My Road to the Ph.D.: A Wrong Turn?


I feel disappointed in many regards that my posting this summer has been so minimal.  It’s hard to keep a record of something if you don’t write things down, right?  Still, it’s been a busier and far more frustrating summer than I was hoping for in many ways.  I think, under the auspices of ‘If you can’t say anything nice…’ I was aiming to simply not write anything at all.  Still, I’m nearing the end of my second summer, as well as the tail end of my doctoral coursework, and I thought it’d be a good idea to jot some thoughts down.

First off, I’m beginning to think I’ve taken a wrong turn in pursuing a Ph.D. in English Literature & Criticism.  Yes.  You read that correctly.  I’m thinking the degree I’m pursuing is not the right course of study for me.  Pretty hard lesson to learn after already having secured over $20k in loans and when my wife will have invested over 20 weeks of single parenting once this summer is done.  I should explain this a bit.

Where to begin?

I guess I never really saw how isolated many professors in the field of English literature are from their students.  Let me ask a question and see if this puts things into perspective.  What sort of job do you think the overwhelming majority of graduate students who are getting a Ph.D. in English will do once they receive their degree?  While I’m sure there are other options out there… I can’t think of anyone who isn’t looking to secure a position as an English professor in higher education.  Realizing that this is the direction that (more or less) all of us will be going, why then don’t we hear about how we can use the specific course content within a classroom setting?  And while I’m only talking about doctoral students here, I can tell you a large number of English majors from my undergraduate and master’s programs were all going into teaching (at some level) as well.  The question remains: Why don’t the vast majority of professors take the time to incorporate pedagogical elements into their classrooms when they should know that’s where we’re all going?  I’ve had the experience of attending a private four-year school, a public state university, and a research-level 1 university, and I can only think of 2 or 3 professors that have ever dealt with this issue directly, and only 1 who made it an explicit part of the course (and her course was an elective–not a required part of my program of study).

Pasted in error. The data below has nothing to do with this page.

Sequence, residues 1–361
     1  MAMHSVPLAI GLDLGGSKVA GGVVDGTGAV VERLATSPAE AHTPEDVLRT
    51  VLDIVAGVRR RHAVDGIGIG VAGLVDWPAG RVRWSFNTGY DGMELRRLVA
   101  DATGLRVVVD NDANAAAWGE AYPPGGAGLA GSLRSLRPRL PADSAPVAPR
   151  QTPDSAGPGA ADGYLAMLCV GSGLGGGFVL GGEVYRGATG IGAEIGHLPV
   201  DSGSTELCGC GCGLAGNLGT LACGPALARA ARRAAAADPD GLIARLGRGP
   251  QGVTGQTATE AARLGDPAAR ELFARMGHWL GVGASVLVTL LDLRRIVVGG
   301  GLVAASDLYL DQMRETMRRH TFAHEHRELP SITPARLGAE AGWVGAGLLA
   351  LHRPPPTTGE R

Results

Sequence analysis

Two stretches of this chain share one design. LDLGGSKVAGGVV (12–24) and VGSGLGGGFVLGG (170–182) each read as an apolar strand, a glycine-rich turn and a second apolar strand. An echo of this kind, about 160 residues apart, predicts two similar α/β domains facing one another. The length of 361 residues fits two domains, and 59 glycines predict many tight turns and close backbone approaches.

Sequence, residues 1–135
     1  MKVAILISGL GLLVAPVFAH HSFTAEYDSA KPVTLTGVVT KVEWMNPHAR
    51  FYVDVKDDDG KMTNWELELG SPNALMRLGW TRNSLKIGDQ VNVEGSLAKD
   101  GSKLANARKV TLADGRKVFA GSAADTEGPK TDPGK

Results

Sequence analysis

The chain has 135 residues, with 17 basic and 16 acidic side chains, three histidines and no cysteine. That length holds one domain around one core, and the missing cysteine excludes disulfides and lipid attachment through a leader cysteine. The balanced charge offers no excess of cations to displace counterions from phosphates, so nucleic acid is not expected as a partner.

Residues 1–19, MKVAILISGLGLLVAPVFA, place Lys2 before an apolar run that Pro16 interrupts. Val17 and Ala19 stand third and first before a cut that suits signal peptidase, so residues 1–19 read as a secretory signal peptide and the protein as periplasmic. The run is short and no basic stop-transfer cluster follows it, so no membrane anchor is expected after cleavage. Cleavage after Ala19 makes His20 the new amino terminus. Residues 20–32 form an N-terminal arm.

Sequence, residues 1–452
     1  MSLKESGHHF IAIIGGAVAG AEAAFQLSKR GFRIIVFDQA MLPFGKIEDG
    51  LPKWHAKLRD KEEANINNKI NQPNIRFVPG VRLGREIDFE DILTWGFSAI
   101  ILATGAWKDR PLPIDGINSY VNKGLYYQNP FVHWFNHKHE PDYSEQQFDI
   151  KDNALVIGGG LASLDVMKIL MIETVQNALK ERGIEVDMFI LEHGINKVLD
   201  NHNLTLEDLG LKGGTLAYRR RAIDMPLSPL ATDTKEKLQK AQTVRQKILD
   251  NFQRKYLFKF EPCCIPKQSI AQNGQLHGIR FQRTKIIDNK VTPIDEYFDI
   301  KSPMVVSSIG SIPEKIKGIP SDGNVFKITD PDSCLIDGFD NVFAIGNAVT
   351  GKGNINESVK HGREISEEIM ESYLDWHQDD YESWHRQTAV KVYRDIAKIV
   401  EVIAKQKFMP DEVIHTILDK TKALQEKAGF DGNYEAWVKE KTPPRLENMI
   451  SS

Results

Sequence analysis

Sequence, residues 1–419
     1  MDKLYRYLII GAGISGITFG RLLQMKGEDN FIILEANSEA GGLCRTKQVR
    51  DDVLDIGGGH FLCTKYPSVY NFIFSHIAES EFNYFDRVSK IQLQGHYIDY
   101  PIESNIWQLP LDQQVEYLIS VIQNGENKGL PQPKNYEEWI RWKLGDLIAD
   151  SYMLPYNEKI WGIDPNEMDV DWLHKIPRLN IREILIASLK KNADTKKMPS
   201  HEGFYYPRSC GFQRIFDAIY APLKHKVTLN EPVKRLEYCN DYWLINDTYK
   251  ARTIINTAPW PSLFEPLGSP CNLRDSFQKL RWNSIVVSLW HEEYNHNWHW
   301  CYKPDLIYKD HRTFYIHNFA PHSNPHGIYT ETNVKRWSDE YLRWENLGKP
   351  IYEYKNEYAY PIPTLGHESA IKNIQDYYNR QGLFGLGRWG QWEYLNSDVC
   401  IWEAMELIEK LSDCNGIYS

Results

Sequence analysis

This leads me to a few conclusions.  First, it confirms to me that my passion is continuing to cool when it comes to literature.  While I don’t mind talking about books and picking them apart, I see this is more of a leisurely experience with little practical value when done in isolation–as I often see happening in college classrooms today.  What I find much more fascinating and worthwhile is seeing how these activities can serve as vehicle for developing critical thinking and hone one’s ability to communicate with the written and spoken word.  I think it’s amazing when we look for ways that we can take texts and help students connect them to their own experiences, which can then help them find words and experiences to help shape and give voice to ideas they might not otherwise have been able to articulate.  But knowing how to create these experiences with our students and these texts–many from different periods of time and different cultures–can be very challenging, especially for teachers who have not been in the field for as many years.  This is the direction we as a field should be taking, and I don’t see anywhere near enough of this taking place.

Furthermore, I sometimes feel like there is an actual resistance to this movement towards making texts teachable.  While this might sound ludicrous (and I hope it does!), I’ve personally seen it this semester from both students and teachers–though fortunately less from my classmates.  Some time back, I had someone actually tell me teaching some groups of students was a waste of time (see one of my blog entries from last summer).  Even this past summer I had a fellow student say in class that we shouldn’t always have to worry about whether we can teach this book or not.  Then why the hell bother with it?!   I’m willing to concede that some books can be artistic and do not lend themselves to instruction.   Further, I fully understand that art and literature are not always meant to be utilitarian in nature, so we shouldn’t expect everything to have a practical, teachable use.  I get it.  But when I suggest that one of the strengths of a novel is that it seems very teachable and I’d be interested in discussing how others might consider using in their classes, I’m not sure why someone else would openly state total disinterest in classroom application?  Why such hostility towards finding ways to improve what we spend 10 months (or more!) out of the year doing?!